Enough of statements, let's get down to work
European diplomats take part in a discussion with the leaders of Bangladesh Garment Manufacturers and Exporters Association, at Westin Hotel in Dhaka yesterday. The BGMEA briefed diplomats and buyers on the current state of the garment industry. Photo: Star
Top European Union diplomats yesterday called for visible actions, rather than promises, towards improving the workplace safety and labour rights at the country's garment factories.
The Rana Plaza collapse on April 24 that has so far killed 1,131 and injured thousands has shocked the world due to the scale of its ruin, said William Hanna, head of EU delegation to Bangladesh.
“This is something that has had a big impact all over the world.”
“It is a general and emotional concern what is happening in the country -- people want to see a change,” Hanna said.
Therefore, the EU wants to work with the stakeholders to make it happen, he said.
“We want to work together to avoid any problem in future. But that means real work, not just statements -- real commitment.”
Hanna's comments came after a closed-door meeting with garment industry leaders organised by Bangladesh Garment Manufacturers and Exporters Association, to brief diplomats and buyers about the current state of the sector.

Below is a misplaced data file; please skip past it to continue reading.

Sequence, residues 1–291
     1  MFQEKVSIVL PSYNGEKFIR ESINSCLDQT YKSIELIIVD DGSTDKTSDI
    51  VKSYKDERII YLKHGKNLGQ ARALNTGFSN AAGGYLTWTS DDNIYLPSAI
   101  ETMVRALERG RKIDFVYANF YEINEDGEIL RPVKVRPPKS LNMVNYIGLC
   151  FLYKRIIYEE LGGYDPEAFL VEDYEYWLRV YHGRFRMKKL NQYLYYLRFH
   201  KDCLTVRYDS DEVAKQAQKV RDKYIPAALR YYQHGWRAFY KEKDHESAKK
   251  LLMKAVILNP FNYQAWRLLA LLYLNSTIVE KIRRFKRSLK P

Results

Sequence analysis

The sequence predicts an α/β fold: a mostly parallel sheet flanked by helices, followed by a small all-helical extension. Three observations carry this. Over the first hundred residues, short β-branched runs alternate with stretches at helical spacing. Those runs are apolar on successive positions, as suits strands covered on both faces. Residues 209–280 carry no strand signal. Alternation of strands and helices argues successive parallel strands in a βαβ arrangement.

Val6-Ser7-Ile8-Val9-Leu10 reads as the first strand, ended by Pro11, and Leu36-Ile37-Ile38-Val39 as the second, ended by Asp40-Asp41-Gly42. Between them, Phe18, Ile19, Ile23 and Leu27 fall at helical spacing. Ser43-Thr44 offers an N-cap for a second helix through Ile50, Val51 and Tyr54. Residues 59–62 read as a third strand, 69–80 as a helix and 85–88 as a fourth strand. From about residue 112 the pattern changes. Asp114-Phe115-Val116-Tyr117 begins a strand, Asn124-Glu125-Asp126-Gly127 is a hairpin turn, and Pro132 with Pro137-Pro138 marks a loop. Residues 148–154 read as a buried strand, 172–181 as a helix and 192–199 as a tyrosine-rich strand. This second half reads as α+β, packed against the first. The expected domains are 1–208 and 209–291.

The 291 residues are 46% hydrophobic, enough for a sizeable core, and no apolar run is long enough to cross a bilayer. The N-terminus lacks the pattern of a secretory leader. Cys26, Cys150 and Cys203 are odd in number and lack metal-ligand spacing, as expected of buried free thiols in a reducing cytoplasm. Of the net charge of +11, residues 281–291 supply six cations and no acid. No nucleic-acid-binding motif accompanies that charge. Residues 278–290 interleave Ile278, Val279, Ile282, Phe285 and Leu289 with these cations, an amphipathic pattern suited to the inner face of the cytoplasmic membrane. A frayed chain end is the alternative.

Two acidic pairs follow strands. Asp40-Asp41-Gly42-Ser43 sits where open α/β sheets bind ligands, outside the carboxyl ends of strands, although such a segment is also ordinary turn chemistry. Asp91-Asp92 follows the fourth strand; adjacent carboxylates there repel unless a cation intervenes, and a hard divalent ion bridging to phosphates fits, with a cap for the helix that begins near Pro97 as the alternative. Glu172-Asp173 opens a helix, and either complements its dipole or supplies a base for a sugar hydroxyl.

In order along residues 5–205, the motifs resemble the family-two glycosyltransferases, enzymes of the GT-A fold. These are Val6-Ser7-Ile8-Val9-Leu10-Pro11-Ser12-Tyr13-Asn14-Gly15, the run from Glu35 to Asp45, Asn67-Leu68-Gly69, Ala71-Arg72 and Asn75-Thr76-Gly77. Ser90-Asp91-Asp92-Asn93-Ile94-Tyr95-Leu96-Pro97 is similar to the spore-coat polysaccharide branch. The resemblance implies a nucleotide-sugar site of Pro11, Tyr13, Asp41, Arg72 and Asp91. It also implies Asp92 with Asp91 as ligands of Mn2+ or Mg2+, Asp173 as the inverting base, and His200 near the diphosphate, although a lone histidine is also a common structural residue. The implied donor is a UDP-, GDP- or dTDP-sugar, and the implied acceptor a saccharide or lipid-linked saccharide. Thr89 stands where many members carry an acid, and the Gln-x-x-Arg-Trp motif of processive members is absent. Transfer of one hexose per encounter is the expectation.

He said the recent commitments made by the government to ensure a better work environment for the garment workers is a “turning point”.
The new labour law, he says, is crucial. “A new law is underway in parliament, which is vital as it will help the International Labour Organisation introduce the Better Work Programme in Bangladesh.”
Meanwhile, Atiqul Islam, president of BGMEA, urged the foreign buyers to make a unified code of conduct for the country's garment factories.
“Most buyers now issue different codes of conduct for maintaining factories compliance, which create problems for us. We have to take measures separately by taking into consideration the individual needs of the buyers.”
The BGMEA president also called for a buyers' association consisting of representatives from retailers who buy apparel from Bangladesh, for enhanced communication.
British High Commissioner to Bangladesh Robert Gibson and French Ambassador to Bangladesh Michel Trinquier were also present.